detector mounting means mounting said first radiation detector means adjacent said sample mounting means and including a scattered light path from said sample mounting means to said detector whereby said detector produces an electrical sample signal as a function of the intensity of radiation scattered by a sample, said detector mounting means being movable about said sample mounting means such that the scattered light may be measured over a wide angle with respect to the radiation beam path to said sample mounting means;

second radiation detector means;

means defining a second radiation path from said monochromator to said second detector means, said second detector means providing an electrical reference signal varying as a function of the incident radiation from said second radiation path;

beam splitting means for directing radiation from said radiation source alternately along said first and second radiation paths;

means for varying the intensity of the radiation from said monochromator;

circuit means connected to said second radiation detector means and to said last-named means to maintain the intensity of the radiation from said monochromator substantially constant, said circuit means including means for providing an electrical signal output as a function of the ratio of said sample signal to said reference signal; and

attenuator means for attenuating at least one of said reference or sample signals whereby differing ranges of said ratios may be represented by a single range of said electrical output signal.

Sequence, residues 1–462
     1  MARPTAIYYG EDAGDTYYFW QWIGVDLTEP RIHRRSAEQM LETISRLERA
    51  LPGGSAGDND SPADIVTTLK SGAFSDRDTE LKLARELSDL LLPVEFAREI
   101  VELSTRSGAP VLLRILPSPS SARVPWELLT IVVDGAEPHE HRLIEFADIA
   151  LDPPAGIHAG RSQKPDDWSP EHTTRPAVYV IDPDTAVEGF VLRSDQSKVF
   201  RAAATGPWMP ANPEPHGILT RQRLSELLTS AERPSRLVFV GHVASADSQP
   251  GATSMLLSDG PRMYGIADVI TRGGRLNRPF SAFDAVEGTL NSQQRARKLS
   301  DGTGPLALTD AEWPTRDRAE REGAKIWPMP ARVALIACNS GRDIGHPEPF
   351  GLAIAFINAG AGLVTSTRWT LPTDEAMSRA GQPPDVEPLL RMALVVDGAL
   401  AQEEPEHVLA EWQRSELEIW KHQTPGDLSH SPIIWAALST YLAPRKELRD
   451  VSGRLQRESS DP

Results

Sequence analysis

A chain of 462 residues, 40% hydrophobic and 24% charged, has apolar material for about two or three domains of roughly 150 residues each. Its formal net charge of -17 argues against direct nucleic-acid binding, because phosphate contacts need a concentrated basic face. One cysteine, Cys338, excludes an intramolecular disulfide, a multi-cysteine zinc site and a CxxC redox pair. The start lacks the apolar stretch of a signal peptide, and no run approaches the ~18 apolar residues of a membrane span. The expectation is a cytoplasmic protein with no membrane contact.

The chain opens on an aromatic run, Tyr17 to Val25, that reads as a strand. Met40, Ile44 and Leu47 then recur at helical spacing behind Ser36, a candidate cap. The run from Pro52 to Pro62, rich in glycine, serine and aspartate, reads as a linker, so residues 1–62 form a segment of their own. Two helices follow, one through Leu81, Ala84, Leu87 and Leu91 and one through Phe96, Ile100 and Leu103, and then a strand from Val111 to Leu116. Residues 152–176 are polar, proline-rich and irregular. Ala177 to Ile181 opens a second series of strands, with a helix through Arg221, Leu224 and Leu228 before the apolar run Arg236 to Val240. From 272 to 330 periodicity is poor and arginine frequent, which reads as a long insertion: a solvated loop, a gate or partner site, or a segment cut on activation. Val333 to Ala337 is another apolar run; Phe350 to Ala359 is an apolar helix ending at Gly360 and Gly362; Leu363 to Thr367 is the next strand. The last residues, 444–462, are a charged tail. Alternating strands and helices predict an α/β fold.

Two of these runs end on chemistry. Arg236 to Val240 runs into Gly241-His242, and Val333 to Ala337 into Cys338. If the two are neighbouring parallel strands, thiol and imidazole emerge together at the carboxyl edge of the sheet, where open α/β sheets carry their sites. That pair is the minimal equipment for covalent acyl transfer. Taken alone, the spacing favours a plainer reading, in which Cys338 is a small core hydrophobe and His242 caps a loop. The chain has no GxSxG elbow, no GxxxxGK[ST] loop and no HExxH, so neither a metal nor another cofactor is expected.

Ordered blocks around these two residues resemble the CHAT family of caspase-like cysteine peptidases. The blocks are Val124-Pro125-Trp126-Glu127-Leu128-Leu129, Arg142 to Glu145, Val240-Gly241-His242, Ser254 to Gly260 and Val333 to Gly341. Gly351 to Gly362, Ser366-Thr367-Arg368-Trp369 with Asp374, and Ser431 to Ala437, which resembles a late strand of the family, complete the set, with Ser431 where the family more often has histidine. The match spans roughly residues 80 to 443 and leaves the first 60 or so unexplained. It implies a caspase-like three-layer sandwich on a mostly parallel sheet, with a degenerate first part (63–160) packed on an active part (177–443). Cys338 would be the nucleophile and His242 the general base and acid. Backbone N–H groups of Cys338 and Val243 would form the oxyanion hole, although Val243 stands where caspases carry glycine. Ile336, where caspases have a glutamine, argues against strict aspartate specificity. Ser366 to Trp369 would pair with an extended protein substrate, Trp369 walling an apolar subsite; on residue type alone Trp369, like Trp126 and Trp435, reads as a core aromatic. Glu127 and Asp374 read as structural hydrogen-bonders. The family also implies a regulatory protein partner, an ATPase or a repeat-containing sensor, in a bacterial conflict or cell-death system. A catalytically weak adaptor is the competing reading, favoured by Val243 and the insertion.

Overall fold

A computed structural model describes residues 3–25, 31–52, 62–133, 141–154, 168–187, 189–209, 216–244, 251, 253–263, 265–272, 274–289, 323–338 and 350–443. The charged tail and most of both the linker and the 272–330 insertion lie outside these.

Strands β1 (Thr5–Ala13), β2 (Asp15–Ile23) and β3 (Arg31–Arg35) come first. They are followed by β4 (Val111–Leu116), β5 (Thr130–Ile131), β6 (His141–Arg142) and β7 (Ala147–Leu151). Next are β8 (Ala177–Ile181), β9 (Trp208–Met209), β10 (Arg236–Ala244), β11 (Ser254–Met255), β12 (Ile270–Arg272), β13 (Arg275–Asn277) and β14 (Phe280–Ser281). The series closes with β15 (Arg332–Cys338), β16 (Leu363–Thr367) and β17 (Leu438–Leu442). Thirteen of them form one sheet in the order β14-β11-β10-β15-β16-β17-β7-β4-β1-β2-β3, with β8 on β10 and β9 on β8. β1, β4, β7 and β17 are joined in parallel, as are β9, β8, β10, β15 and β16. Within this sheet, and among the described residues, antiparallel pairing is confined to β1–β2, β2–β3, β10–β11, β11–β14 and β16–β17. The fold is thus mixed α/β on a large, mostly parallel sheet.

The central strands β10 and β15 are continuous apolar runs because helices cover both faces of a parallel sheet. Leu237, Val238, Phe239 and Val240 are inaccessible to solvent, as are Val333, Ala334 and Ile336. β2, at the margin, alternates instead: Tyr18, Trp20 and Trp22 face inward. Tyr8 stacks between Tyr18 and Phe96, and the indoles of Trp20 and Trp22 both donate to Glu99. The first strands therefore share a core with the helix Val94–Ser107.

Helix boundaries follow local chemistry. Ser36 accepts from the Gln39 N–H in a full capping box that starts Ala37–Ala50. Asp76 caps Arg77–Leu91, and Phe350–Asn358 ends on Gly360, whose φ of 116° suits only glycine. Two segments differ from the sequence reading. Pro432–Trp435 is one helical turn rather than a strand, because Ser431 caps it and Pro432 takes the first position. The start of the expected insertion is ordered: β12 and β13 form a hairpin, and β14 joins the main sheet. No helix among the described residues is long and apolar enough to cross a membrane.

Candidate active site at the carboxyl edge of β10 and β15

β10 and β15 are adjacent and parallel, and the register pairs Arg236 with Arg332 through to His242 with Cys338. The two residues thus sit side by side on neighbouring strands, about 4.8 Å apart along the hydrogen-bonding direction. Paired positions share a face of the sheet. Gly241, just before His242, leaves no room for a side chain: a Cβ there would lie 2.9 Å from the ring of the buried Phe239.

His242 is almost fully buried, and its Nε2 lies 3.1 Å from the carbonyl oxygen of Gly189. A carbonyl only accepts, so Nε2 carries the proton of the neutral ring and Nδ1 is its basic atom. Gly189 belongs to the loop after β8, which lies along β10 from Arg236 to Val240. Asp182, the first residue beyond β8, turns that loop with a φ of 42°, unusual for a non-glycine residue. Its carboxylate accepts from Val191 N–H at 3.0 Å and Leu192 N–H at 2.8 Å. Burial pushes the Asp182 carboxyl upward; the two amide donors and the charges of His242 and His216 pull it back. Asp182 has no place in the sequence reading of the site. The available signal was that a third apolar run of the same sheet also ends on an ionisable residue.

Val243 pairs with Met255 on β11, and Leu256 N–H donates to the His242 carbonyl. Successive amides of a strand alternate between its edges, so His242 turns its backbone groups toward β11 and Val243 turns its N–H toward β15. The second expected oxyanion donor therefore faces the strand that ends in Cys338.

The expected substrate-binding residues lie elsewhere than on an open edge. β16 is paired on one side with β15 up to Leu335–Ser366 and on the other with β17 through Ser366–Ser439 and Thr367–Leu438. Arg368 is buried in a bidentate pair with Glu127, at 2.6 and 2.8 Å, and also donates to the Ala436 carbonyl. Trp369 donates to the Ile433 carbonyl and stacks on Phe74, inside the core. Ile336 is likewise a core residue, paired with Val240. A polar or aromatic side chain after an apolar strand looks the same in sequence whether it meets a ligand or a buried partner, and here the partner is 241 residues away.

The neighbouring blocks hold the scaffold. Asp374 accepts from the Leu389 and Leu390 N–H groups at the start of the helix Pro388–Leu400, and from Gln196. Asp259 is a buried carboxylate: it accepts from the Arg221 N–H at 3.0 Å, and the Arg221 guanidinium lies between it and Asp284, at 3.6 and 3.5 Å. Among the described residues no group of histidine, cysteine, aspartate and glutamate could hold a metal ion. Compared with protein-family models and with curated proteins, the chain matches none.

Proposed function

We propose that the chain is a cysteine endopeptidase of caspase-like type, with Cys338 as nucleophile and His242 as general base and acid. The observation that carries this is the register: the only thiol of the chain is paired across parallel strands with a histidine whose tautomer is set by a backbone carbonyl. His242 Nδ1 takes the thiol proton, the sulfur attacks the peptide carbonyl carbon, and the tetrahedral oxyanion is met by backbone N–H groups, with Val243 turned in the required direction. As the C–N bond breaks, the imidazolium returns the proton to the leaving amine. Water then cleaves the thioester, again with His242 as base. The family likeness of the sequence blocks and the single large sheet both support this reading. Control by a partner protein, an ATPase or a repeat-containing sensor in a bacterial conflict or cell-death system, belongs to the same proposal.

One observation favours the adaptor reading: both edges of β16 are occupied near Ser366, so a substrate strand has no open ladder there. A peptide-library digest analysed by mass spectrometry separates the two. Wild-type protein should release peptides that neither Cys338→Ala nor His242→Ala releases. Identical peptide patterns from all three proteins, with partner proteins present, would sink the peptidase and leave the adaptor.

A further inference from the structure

4. An instrument for scattered light measurement as a function of time, angle and wavelength comprising:

a radiation source;

monochromator means for sorting radiation from said source;

sample cell means;

first radiation detector means for providing an electrical output signal varying as a function of incident radiation;

means defining a first radiation path from said monochromator to said cell means;

detector mounting means mounting said first detector means adjacent said cell means and including a scattered light path from said cell means to said first detector means, said detector mounting means being movable about said cell means such that the scattered light may be measured over a wide angle with respect to the radiation beam incident upon said cell means;

said first detector means providing an electrical sample signal varying as a function of said scattered light;

second radiation detector means;

means defining a second radiation path from said monochromator to said second detector means, said second detector means providing an electrical reference signal varying as a function of the intensity of radiation from said monochromator;

beam splitting means for directing radiation from said radiation source alternately along said first and second radiation paths;

means for varying the intensity of the radiation from said monochromator;

first circuit means connected to said second radiation detector means for maintaining the intensity of the radiation output of said monochromator substantially constant;